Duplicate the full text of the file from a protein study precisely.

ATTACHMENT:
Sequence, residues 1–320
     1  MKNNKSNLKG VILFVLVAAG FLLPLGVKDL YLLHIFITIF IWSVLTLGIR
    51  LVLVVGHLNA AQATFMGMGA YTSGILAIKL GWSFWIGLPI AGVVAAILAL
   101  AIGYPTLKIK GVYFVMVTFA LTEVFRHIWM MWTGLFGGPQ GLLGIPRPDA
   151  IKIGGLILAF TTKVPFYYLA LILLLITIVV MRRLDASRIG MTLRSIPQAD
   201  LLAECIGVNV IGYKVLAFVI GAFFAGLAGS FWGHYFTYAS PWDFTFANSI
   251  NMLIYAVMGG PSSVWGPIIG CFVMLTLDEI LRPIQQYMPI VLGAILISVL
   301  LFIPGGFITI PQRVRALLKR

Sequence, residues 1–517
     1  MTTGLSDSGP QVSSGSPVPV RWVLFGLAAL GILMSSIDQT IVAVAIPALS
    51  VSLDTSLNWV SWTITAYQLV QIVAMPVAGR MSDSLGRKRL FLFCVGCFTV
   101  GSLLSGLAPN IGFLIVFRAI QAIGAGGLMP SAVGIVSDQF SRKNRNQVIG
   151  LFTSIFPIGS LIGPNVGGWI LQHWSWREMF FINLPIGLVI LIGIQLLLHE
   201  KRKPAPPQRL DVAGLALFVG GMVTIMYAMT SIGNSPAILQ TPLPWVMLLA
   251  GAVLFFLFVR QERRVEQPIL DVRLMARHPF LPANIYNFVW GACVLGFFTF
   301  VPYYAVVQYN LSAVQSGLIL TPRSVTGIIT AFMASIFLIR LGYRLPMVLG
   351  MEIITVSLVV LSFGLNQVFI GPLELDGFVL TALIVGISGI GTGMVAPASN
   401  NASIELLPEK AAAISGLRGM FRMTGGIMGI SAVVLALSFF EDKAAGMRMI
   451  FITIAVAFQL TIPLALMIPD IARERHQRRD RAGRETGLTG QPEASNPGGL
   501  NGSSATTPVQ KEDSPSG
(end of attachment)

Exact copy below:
Sequence, residues 1–320
     1  MKNNKSNLKG VILFVLVAAG FLLPLGVKDL YLLHIFITIF IWSVLTLGIR
    51  LVLVVGHLNA AQATFMGMGA YTSGILAIKL GWSFWIGLPI AGVVAAILAL
   101  AIGYPTLKIK GVYFVMVTFA LTEVFRHIWM MWTGLFGGPQ GLLGIPRPDA
   151  IKIGGLILAF TTKVPFYYLA LILLLITIVV MRRLDASRIG MTLRSIPQAD
   201  LLAECIGVNV IGYKVLAFVI GAFFAGLAGS FWGHYFTYAS PWDFTFANSI
   251  NMLIYAVMGG PSSVWGPIIG CFVMLTLDEI LRPIQQYMPI VLGAILISVL
   301  LFIPGGFITI PQRVRALLKR

Sequence, residues 1–517
     1  MTTGLSDSGP QVSSGSPVPV RWVLFGLAAL GILMSSIDQT IVAVAIPALS
    51  VSLDTSLNWV SWTITAYQLV QIVAMPVAGR MSDSLGRKRL FLFCVGCFTV
   101  GSLLSGLAPN IGFLIVFRAI QAIGAGGLMP SAVGIVSDQF SRKNRNQVIG
   151  LFTSIFPIGS LIGPNVGGWI LQHWSWREMF FINLPIGLVI LIGIQLLLHE
   201  KRKPAPPQRL DVAGLALFVG GMVTIMYAMT SIGNSPAILQ TPLPWVMLLA
   251  GAVLFFLFVR QERRVEQPIL DVRLMARHPF LPANIYNFVW GACVLGFFTF
   301  VPYYAVVQYN LSAVQSGLIL TPRSVTGIIT AFMASIFLIR LGYRLPMVLG
   351  MEIITVSLVV LSFGLNQVFI GPLELDGFVL TALIVGISGI GTGMVAPASN
   401  NASIELLPEK AAAISGLRGM FRMTGGIMGI SAVVLALSFF EDKAAGMRMI
   451  FITIAVAFQL TIPLALMIPD IARERHQRRD RAGRETGLTG QPEASNPGGL
   501  NGSSATTPVQ KEDSPSG